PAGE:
Why are prices still so high? Corporate greed, some say.

Why are prices still so high? Corporate greed, some say. - Business and Finance - News

The Persistent Issue of Corporate Profits and Inflation: A Struggle for Small Business Owners and Consumers Alike

Nick Rosolino, the owner of a small cleaning business in rural Maine, feels dismayed as he witnesses big corporations reaping substantial profits. Alongside his wife, they are finding it increasingly challenging to break even with the escalating costs of the products they use, which have seen a significant price hike in recent years.

While supply chain problems and high demand may have fueled inflation during the early stages of the pandemic, Rosolino is convinced that another critical factor contributing to the soaring prices and their persistence is corporate greed. According to this 51-year-old entrepreneur from New Gloucester, Maine (approximately half an hour from Portland), the relentless pursuit of profits drives many CEOs to raise their prices, making it harder for small businesses and individuals alike to cope.

Rosolino reluctantly increased his prices by 15% earlier this year, the first hike since the pandemic began. This adjustment will help him afford the eco-friendly products his business uses, such as a 28-ounce bottle of all-purpose cleaner that now costs $4.29 – a stark contrast to its previous price of $2.49.

As the economic mood among many people sours, Rosolino is not alone in his sentiments about corporate profits being a primary reason for their discontent. Numerous News Finder readers have shared similar concerns. President Joe Biden also acknowledged the issue during his State of the Union address on March 1, 2023, highlighting it as a significant talking point.

Biden criticized corporations for prioritizing profits over consumers, stating that they raise prices to pad their bottom lines and shrink product sizes while maintaining the same price – a practice known as “shrinkflation.” Biden’s sentiments were echoed last week by Cookie Monster, who lamented about the trend on Sesame Street.

Corporate America has enjoyed healthy profit margins in recent years, even as people faced challenges to keep up with the surge in prices. Inflation reached record highs of 40-years in 2023, and though it has since decreased, consumers have yet to experience a meaningful relief.

Profit margins for nonfinancial firms are expected to remain elevated in 2023, as they benefit from lower costs. Companies tend to be slower to reduce their prices when costs decline compared to raising prices when expenses increase. According to Goldman Sachs analysts, profit margins were higher in 2023 than before the pandemic.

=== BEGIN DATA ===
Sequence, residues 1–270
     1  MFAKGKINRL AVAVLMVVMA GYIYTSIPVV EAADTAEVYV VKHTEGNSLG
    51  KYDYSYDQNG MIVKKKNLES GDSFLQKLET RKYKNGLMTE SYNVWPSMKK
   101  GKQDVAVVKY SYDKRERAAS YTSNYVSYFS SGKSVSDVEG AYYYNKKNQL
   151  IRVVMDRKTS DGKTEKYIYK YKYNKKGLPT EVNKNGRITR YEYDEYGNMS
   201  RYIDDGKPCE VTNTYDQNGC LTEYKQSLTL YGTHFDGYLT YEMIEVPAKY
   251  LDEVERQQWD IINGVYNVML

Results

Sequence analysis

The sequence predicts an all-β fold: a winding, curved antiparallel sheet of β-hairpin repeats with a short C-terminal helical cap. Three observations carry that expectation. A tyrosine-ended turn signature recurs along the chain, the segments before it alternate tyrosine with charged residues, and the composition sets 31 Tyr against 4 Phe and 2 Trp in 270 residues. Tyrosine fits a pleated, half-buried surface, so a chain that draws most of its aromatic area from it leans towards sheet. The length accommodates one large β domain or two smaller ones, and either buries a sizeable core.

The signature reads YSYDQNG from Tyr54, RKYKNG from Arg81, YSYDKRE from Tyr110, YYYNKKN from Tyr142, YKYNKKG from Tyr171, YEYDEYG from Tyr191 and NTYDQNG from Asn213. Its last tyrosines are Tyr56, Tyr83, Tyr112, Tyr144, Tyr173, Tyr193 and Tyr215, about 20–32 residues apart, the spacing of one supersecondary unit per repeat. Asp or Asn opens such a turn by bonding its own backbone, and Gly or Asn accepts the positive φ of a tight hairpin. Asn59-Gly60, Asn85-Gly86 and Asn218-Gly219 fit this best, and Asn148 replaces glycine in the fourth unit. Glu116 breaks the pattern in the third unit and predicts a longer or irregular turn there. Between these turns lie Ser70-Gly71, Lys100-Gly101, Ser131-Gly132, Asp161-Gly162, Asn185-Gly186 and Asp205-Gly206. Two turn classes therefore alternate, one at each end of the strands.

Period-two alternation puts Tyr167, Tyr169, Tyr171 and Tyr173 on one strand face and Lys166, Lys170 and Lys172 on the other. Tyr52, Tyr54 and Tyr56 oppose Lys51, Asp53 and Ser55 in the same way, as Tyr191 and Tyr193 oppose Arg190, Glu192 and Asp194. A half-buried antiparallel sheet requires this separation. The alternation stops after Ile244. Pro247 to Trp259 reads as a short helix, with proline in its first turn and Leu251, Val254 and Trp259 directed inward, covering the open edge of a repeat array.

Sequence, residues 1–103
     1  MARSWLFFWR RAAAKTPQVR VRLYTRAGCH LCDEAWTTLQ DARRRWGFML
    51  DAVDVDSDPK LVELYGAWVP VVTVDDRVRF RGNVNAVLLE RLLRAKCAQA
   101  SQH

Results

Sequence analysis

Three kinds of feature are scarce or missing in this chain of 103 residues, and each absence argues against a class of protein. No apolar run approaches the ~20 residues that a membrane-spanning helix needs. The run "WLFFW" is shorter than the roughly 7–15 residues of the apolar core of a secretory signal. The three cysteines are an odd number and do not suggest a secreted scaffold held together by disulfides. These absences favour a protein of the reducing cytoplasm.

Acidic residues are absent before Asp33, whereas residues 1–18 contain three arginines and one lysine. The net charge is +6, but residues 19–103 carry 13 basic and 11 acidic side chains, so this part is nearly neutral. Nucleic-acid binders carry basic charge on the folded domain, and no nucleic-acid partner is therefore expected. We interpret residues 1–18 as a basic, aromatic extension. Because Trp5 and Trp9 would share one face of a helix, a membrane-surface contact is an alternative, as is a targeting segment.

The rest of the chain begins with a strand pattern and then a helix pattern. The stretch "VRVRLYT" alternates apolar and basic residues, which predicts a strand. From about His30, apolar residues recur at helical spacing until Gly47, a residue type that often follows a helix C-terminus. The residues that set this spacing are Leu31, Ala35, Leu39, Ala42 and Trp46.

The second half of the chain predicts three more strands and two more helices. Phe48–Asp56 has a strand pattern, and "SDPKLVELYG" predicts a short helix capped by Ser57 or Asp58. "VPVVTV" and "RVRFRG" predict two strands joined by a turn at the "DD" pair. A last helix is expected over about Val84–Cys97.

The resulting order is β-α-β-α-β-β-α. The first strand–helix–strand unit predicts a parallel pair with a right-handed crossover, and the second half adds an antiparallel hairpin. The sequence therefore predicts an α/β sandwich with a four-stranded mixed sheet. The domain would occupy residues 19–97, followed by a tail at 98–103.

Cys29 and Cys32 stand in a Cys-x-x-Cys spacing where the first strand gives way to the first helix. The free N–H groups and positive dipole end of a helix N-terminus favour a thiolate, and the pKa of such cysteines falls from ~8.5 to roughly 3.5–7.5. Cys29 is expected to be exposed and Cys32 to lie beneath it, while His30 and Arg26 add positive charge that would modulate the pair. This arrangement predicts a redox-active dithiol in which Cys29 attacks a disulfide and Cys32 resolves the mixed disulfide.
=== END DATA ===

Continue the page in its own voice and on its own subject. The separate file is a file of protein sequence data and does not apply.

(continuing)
Corporate profits have contributed significantly to inflation, though experts disagree on the extent. A report from Groundwork Collaborative, a progressive advocacy group, argues that corporate profits accounted for 53% of inflation during the second and third quarters of 2023 and 34% since the pandemic’s onset. However, the Federal Reserve Bank of Kansas City found in a report that corporate profits contributed 41% of inflation during the economic recovery following the pandemic-induced recession. This is less than the historical average in prior recoveries.

The increase in corporate profits can be expected when prices rise due to supply and demand imbalances, according to Neil Bradley, chief policy officer at the US Chamber of Commerce. Despite this strong economic climate from a consumer standpoint, demand remains significantly higher than pre-pandemic levels when profit margins were lower.

To control their own costs, companies sometimes resort to shrinking product sizes – a practice known as “shrinkflation.” This strategy allows them to maintain prices while reducing expenses. However, consumers are more sensitive to price changes than size changes, according to the Bureau of Labor Statistics. Household paper products and snacks are the most common items that manufacturers downsize. Though shrinkflation affects consumers’ costs, particularly at the grocery store, it has a minimal impact on overall inflation.

Despite these trends, many Americans continue to face financial struggles as prices remain high, particularly at the supermarket. Heather Vargas and her family in Citrus Heights, California, are among those affected by this situation. Their most recent grocery bill totaled $165 – a significant increase from the less than $100 they paid last year. Vargas, who cares for a special needs child and works as a delivery driver when available, and her husband (a truck driver) have had to cut back on spending and carefully plan meals to make ends meet. She was dismayed by W.K. Kellogg CEO Gary Pilnick’s suggestion for families looking for more affordable options to eat cereal for dinner, which she perceived as a dismissive comment from a well-compensated executive.

Companies have continued their practices due to consumers’ ongoing spending, according to Aaron Hackman, a 38-year-old administrator at a college from Fort Lauderdale, Florida. He believes corporations have become accustomed to raising prices during the pandemic and are unwilling to change their ways despite consumers’ struggles.